Pipe markings save lives. Pipes are used in facilities to transport liquids and gasses from one place to another, both short and long distances. Most facilities have dozens of pipes moving different things around the facility, so it is important to be able to keep track of what is in each pipe and where it is going. This is where pipe color-coding can become essential.
If pipe color codes are not used, it can be difficult to know what is within a given pipe, which can present many dangers. If someone opens a pipe that is not marked with the proper colors, he or she may expect clean water but get a toxic chemical.
Pipe color-coding is not a complicated process, especially if industry standards are used. There are many standards out there from a variety of sources, but the most popular is the ANSI/ASME A13.1 standard. This standard explains colors, text, size, and placement of pipe marking labels.
Following this type of color-coding standard makes it easy to offer training to employees and also helps ensure different departments within a facility are all using the same colors for their pipes.
- ASME/ANSI A13.1 – Scheme for the Identification of Piping Systems
- BS 1710 – Specification for Identification of Pipelines and Services
- IS 2379 – Pipelines Identification Color Code
- PFI ES-22 – Recommended Practice for Color Coding of Piping Materials
ANSI/ASME A13.1 Pipe Color Code Standards Explained:-
Businesses should familiarize themselves with the ANSI/ASME A13.1 pipe color code standard, which is the industry consensus standard for marking pipes. This standard identifies the color of the labels and what those colors mean. The following are the main options for this set of standards:
- Yellow with Black Lettering – This option is used for any pipe that contains flammable liquids and gasses. This could include gasoline, oils, and many others.
- Green with White Lettering – Using a green label with white lettering means that the pipe contains potable water. It could be used for cooling, feeding boilers, or even going to drinking fountains or sinks.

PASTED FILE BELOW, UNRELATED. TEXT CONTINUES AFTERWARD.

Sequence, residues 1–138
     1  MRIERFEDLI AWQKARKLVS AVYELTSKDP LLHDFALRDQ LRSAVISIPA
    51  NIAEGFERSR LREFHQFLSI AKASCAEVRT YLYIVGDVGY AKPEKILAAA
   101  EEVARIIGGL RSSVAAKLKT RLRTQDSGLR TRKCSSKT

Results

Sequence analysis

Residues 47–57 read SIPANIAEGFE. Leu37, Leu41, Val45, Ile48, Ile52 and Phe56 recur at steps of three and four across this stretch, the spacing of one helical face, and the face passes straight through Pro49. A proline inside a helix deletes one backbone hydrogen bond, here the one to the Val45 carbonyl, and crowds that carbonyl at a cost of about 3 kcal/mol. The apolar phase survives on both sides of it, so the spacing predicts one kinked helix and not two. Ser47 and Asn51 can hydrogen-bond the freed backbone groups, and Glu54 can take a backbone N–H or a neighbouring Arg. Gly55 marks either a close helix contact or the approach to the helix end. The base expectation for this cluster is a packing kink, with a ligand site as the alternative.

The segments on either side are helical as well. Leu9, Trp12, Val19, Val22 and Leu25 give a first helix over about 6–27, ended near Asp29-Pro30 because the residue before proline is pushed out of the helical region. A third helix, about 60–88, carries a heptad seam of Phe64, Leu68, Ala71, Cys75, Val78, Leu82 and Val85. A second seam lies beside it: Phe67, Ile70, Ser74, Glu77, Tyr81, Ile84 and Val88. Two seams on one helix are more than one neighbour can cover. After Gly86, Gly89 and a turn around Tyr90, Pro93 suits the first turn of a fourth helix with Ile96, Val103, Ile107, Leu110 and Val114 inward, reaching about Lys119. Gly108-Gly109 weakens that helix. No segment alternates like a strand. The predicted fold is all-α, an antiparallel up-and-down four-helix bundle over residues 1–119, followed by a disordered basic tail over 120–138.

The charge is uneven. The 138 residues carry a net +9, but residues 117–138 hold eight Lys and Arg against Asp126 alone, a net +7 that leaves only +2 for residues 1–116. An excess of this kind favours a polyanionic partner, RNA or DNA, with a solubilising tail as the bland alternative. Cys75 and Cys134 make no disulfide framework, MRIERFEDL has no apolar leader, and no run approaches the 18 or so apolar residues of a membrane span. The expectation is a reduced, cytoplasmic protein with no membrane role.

- Blue with White Lettering – The blue labels with white lettering are used for pipes that transport compressed air.
- Red with White Lettering – This red label with white lettering is used for all fire quenching fluids. This could include water, but only if the pipe is used just for fire quenching.
- Orange with Black Lettering – Orange labels with black lettering are for toxic or corrosive fluids. Most acids will need to use this type of pipe marking.
- Brown with White Lettering – This option is for all combustible fluids.
- Note: Any product manufactured by welding shall have an additional white stripe.
The ANSI/ASME color codes for pipes also leave several color combinations for “user defined” pipes. This is important because it allows facilities to plan out certain pipes that don’t fit in with the normal standards. It is important to remember, however, that whenever using user-defined pipe markings, people who haven’t been sufficiently trained won’t know what they mean.
The user defined color options are:
- Purple with White Lettering
- White with Black Lettering
- Gray with White Lettering
- Black with White Lettering
The below figure shows the latest pipe color guidelines set by ANSI/ASME.Other than color code, additional information regarding the nature of the contents of the pipe by using the following systems either individually or in combination:
- Name in full
- Abbreviation of name